Educational Theory: The Specific Case of Social Justice as an Educational Leadership Construct

Chapter
Part of the Springer International Handbooks of Education book series (SIHE, volume 29)

Abstract

A number of operating principles are discussed in this chapter:
  1. 1.

    Social justice is both necessary and contingent with respect to education, that is, social justice can never be guaranteed or sustained without continuous efforts, including work within difficult – undemocratic– circumstances.

     
  2. 2.

    Social justice, as a deliberate intervention, is different from good teaching and moral leadership.

     
  3. 3.
    Educational researchers come to know social justice through consequences experienced by participants, not by:
    1. (a)

      A priori theoretical concepts

       
    2. (b)

      Well-intentioned dispositions of researchers

       
    3. (c)

      Researcher awareness or diagnosis of inequities

       
     
  4. 4.

    As such, social justice is defined by material changes in participants’ lives and only then is it validated by educational researchers post hoc.

     
  5. 5.

    Social justice as an educational leadership construct has to do with the PLACE of education in societies in terms of re-centering and engaging educational leadership within dominant social, political, economic, and transcendent discourses.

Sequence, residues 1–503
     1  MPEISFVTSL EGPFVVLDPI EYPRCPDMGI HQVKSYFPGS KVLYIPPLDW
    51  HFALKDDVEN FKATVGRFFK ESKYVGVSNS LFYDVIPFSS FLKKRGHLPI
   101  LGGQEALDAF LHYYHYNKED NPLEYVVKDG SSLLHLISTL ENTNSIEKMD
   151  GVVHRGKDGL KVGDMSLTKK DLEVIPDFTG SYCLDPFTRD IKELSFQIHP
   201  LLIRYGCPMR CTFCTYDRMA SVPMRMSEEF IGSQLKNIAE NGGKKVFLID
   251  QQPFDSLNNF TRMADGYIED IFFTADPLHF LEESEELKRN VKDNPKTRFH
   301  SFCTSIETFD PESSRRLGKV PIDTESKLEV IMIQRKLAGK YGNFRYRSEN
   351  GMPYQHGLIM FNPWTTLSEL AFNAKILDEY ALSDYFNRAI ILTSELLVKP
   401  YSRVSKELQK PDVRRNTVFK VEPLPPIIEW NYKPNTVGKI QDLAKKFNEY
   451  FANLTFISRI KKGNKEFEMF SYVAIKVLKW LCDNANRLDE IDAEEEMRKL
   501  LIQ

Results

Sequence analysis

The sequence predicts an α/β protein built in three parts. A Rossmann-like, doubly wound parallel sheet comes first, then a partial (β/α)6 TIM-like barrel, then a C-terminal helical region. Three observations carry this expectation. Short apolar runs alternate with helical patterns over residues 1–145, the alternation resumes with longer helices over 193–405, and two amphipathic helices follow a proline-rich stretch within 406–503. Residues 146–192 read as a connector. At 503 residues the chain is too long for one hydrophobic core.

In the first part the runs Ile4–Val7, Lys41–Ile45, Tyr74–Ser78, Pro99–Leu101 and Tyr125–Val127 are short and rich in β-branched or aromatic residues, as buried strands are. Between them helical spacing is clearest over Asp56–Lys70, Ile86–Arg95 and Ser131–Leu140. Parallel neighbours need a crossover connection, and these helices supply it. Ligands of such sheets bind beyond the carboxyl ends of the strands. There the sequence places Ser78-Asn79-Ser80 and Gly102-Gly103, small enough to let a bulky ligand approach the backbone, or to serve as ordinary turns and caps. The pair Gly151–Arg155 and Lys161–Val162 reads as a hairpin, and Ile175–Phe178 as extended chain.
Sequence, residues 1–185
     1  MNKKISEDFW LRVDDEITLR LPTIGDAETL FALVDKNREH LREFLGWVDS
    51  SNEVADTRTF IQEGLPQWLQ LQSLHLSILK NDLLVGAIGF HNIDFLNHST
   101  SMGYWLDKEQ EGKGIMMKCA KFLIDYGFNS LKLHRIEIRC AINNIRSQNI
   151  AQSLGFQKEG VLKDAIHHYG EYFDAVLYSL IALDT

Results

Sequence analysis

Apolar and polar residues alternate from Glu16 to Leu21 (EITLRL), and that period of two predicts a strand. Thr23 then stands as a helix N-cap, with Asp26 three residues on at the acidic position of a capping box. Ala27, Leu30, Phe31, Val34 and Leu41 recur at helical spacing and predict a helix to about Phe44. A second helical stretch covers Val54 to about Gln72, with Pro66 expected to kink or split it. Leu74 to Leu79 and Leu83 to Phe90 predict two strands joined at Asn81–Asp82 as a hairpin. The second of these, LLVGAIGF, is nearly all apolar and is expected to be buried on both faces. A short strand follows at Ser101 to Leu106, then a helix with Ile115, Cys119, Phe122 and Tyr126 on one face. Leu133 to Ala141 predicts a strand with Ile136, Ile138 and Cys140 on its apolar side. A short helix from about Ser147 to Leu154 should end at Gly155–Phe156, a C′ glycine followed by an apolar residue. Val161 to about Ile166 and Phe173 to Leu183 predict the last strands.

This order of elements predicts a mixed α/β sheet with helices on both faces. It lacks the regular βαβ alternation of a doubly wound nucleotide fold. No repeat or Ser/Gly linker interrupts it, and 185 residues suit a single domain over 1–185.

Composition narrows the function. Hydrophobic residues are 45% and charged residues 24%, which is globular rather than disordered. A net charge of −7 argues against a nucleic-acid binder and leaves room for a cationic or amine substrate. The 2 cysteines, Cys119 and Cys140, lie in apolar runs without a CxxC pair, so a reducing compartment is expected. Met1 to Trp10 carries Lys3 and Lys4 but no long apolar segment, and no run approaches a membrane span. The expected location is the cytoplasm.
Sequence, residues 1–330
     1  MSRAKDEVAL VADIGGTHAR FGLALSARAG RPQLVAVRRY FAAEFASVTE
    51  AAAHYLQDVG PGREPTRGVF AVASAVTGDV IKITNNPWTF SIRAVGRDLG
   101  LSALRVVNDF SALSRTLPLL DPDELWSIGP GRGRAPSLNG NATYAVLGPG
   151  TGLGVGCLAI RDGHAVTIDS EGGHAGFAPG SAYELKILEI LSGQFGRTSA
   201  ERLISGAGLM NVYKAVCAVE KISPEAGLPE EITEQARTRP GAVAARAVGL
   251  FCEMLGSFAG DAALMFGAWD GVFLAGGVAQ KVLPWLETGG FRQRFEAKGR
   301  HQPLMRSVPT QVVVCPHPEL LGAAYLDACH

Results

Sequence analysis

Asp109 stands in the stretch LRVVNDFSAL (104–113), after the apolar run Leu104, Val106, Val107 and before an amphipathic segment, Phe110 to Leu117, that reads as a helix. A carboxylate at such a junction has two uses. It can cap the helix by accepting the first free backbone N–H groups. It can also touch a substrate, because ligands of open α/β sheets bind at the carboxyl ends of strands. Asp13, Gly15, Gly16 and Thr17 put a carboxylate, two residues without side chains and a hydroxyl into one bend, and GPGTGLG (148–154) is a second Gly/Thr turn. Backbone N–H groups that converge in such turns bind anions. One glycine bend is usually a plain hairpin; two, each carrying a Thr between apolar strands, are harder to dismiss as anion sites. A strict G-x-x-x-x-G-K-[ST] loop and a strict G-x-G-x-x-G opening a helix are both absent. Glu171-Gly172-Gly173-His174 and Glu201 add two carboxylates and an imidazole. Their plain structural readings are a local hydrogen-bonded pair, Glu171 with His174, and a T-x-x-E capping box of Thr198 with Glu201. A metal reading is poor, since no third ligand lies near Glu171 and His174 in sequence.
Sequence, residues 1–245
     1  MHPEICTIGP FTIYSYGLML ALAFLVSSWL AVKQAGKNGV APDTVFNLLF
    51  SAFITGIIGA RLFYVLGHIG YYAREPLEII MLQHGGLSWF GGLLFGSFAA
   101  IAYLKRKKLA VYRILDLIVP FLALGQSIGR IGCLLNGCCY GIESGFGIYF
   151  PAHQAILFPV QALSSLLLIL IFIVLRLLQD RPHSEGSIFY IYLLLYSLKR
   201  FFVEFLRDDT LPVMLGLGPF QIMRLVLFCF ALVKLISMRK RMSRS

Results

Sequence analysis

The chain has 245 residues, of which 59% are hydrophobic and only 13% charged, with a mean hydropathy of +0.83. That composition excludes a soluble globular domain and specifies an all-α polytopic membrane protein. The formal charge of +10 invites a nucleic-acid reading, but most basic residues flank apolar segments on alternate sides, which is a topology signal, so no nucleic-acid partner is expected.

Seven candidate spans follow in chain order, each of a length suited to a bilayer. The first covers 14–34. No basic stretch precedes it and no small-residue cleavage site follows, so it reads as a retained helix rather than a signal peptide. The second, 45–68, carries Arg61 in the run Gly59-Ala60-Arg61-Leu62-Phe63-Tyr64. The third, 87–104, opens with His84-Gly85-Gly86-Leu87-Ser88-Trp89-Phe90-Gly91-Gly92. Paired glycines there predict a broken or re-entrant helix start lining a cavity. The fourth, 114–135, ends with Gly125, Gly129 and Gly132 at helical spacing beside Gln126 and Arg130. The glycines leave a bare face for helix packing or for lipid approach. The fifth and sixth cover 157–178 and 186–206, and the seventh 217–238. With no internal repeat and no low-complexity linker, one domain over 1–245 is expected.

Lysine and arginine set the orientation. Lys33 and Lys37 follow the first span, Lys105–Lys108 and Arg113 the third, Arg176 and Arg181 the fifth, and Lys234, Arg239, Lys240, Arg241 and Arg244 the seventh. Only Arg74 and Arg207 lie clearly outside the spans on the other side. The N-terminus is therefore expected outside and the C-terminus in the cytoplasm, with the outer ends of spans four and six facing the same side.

The chapter invites readers to make their own professional judgments regarding these operating principles which may entail considering them as hypotheses for empirical testing.

Keywords

Social Justice Educational Researcher Educational Theory Educational Leadership Dominant Discourse 
These keywords were added by machine and not by the authors. This process is experimental and the keywords may be updated as the learning algorithm improves.

References

  1. Bauer, S., & Bogotch, I. (2001). An analysis of the relationships among site council resources, council practices, and outcomes. Journal of School Leadership, 11(2), 98–119.Google Scholar
  2. Biesta, G., & Safstrom, C. (2011). A manifesto for education. http://www.docstoc.com/docs/99835910/A-manifesto-for-education
  3. Bogotch, I. (2002). Educational leadership and social justice: Practice into theory. Journal of School Leadership, 12, 138–156.Google Scholar
  4. Bogotch, I., Beachum, F., Blount, J., Brooks, J., & English, F. (2008). Radicalizing educational leadership: Dimensions of social justice. Rotterdam, The Netherlands: Sense Publishers.Google Scholar
  5. Bogotch, I., Keaster, R., Baldwin, B., & Wonycott, A. (1995). Exploring influences of contextual variables on beginning principals. Journal of School Leadership, 5(3), 231–247.Google Scholar
  6. Bogotch, I., & Roy, C. (1997). The contexts of partial truths: An analysis of principal’s discourse. Journal of Educational Administration, 35(3), 234–252.CrossRefGoogle Scholar
  7. Dewey, J. (1927/1954). The public and its problems. New York: Henry Holt and company.Google Scholar